Witness says police shot anti-fascist suspect in protest killing without warning
Tensions in Portland, Oregon escalated on August 29 when a caravan of Trump supporters drove through the streets, some attacking Black Lives Matter protesters and others with paintball guns and pepper spray. That night, one of the Trump supporters, Aaron J. Danielson — a member of the far-right group Patriot Prayer — was shot and killed. Antifa activist Michael Forest Reinoehl, 48, who had admitted to the shooting but claimed self-defense, was himself fatally shot when police went to arrest him on Thursday, September 3.
Journalist Tim Elfrink, in the Washington Post, reports that accounts of what happened on September 3 vary considerably.
Federal authorities have said that they believed Reinoehl was armed when he was shot outside an apartment complex in Lacey, Washington, but Elfrink reports that a witness who lives in that building, Nate Dinguss, says otherwise. According to Dinguss, Reinoehl appeared to be unarmed. However, two other witnesses, Elfrink notes, told The Olympian that they saw Reinoehl fire a weapon at police.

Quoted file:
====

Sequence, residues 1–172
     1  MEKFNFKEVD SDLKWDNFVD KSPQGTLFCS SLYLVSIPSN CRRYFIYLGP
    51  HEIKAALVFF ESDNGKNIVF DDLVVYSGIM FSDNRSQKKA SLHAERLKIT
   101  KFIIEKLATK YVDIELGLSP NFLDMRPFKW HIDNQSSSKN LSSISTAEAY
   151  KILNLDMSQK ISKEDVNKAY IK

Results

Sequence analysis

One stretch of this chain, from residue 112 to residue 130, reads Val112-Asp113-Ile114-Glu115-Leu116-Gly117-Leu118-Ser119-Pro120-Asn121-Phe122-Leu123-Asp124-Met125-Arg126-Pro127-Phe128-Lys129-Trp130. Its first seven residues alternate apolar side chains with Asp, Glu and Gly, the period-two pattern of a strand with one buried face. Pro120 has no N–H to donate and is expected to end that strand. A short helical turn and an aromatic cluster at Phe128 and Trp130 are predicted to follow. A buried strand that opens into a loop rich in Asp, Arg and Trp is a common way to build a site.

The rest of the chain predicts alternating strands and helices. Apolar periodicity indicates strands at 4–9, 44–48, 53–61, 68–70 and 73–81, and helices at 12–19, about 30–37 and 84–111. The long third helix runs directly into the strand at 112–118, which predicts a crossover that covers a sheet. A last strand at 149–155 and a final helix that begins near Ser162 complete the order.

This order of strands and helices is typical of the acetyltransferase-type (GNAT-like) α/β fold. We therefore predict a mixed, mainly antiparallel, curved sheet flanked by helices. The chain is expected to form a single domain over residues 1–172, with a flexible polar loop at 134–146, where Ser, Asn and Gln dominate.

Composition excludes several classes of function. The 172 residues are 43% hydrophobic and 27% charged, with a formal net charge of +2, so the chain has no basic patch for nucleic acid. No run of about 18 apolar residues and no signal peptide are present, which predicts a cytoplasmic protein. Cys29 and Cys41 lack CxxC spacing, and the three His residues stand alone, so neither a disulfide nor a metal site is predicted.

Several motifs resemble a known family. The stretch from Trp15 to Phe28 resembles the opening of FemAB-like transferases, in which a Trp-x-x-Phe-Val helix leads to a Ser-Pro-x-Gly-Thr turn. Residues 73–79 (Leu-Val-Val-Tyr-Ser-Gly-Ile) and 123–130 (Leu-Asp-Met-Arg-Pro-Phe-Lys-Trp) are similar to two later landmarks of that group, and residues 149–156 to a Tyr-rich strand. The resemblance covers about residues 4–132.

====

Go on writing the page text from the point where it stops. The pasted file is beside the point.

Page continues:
Luke Laughlin, the attorney representing Dinguss, told the Post that Dinguss fears retaliation from far-right groups and police because of his account of what happened on September 3. Laughlin told the Post: “We are very concerned for our client’s safety for speaking out, both from the fascist right and retaliation by law enforcement.”
Last week, Reinoehl was charged with second-degree murder for fatally shooting Danielson.
In an official statement on September 4, Jurgen R. Soekhoe —a spokesman for the U.S. Marshals Service — said: “The fugitive task force located Reinoehl in Olympia and attempted to peacefully arrest him. Initial reports indicate the suspect produced a firearm, threatening the lives of law enforcement officers. Task force members responded to the threat and struck the suspect, who was pronounced dead at the scene.”
Dinguss, however, said that he never saw Reinoehl pull out a gun. According to Elfrink, Dinguss “said he watched as two unmarked police vehicles converged on Reinoehl as he walked to his car, holding his phone and chewing on a piece of candy. The officers never audibly identified themselves and didn’t try to arrest Reinoehl, Dinguss said. Instead, he said they immediately began firing.”
Elfrink also notes that according to Dinguss’s account of what happened on September 3, “When Reinoehl heard the gunfire, he ducked behind his car, which was pinned in by the law enforcement vehicles. He never tried to get inside, Dinguss said, and he never saw him reaching for a weapon. Dinguss said he watched police unleash rapid-fire rounds at Reinoehl, once pausing to shout ‘Stop!' before resuming their fire.”